Tweed is a genre of yarn that's often overlooked but much loved by people who use it regularly. This handmade looking yarn with bits of different colors worked in provides a beautiful backdrop for just about any stitch pattern, as readers of Nancy J. Thomas' <i>Tweed: More Than 20 Contemporary Designs to Knit</i> will learn.
The book traces the history of tweed from its beginnings as a textile product to its evolution into a yarn that can make both classic and modern looking projects.
Thomas offers a look at the traditional and often trademarked tweed fabrics and how we can recreate those looks in knitwear.
Tips for Tweeds
Knitting with tweedy yarn isn't that different from other yarns, but since the yarns used in the book, which all come from Tahki Stacy Charles, are all wool, the book covers care for wool and tips for avoiding felting (or causing felting to happen, if that's the look you're going for).
The book also has tips for making knit fabric look like tweed fabric, using stitch patterns in tweed, and offers some sample stitch patterns you might want to swatch to see how different tweeds react to different stitch patterns.
While some of these could have been knit in lighter colors to make the stitches a bit more visible, this section is a nice touch.
The book includes 21 patterns, a couple of which are for sets such as a basic hat and scarf set or a felted beret and matching bag. Projects are arranged in order of difficulty, starting with patterns that beginners could easily master and ending up with complex and large projects like a cabled throw and a giant colorwork project.
Other projects include a darling striped knitting bag and plenty of hats, scarves, pullovers, vests and cardigans.
Most of the projects incorporate some kind of interesting stitch pattern or cables, and several are striped or use multiple colors.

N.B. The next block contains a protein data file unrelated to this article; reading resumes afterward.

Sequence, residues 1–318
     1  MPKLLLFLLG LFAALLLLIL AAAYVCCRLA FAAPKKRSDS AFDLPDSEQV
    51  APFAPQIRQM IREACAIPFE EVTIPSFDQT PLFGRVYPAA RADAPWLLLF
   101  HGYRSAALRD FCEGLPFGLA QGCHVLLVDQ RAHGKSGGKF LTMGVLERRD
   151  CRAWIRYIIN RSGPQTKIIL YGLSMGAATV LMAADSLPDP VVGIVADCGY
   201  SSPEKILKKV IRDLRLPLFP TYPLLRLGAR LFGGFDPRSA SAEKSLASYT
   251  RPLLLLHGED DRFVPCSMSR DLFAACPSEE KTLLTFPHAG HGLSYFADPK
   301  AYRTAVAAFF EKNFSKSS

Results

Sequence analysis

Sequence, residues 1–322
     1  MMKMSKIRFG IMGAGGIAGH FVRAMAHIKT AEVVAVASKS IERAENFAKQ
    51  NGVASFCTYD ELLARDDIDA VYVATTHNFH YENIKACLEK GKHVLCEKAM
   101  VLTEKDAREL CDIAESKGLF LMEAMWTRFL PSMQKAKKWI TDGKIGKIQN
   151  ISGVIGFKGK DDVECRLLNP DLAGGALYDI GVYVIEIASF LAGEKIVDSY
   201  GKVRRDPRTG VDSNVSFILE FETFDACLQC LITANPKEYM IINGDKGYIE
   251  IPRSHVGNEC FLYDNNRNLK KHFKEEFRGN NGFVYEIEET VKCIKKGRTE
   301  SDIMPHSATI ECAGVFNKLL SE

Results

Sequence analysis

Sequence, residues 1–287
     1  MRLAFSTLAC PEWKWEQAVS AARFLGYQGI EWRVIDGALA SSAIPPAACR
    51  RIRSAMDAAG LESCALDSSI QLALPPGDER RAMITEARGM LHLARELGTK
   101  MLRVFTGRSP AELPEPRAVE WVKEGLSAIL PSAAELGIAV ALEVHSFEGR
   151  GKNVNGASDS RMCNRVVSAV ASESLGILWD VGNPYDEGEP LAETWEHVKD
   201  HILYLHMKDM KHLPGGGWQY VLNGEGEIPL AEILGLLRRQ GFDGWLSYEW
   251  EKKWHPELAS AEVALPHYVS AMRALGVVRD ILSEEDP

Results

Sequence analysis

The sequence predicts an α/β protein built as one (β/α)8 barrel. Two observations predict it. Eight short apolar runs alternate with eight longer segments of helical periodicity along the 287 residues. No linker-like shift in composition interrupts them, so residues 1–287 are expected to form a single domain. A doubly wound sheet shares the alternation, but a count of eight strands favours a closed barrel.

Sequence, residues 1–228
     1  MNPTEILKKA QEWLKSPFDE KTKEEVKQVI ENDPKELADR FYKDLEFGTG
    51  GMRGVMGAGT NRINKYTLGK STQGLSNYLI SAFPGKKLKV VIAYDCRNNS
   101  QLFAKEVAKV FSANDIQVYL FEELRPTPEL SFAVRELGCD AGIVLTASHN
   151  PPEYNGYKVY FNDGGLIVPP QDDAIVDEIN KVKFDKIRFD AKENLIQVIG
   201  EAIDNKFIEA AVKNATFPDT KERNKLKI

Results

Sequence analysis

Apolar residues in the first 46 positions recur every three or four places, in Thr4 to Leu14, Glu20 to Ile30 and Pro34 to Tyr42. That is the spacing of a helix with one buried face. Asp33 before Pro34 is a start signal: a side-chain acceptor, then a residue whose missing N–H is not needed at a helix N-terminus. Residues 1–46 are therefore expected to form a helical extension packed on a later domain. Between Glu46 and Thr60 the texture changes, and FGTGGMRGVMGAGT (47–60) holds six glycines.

Some of my favorite projects include the Scottish Isles Pullover, an intermediate projects that's full of cables and has a crisp collar; the Chanel-style Tweed Jacket, whose name pretty much says it all; and the Northern Ireland Peplum Sweater, about the only project in the book that's not knit in earth tones, but instead in a cheery pink.
Easier projects including hats, scarves, bags and a couple of easy sweaters make this a book that beginners can use right away and continue to work with as their skill improves. Knitters with more experience will love the easy projects as well as the more complicated project.
Given the nature of tweed yarn, most of these projects look classic, at times even old-fashioned, but in a good way. You could try knitting them in different yarns (gasp!) to give them a more modern look if you like.
The bottom line is that this is a lovely book full of inspiration from the British Isles that will delight knitters around the world. The history of tweed section can be a little boring for people who aren't interested in that, but we'll forgive the author her obsession since the patterns more than make up for it.
Thomas, the creative director for Tahki Stacy Charles, shows the line's tweed yarns (as well as some others) off very well and might even get you itching to explore the wonderful world of tweed.
Publication date: April 2008.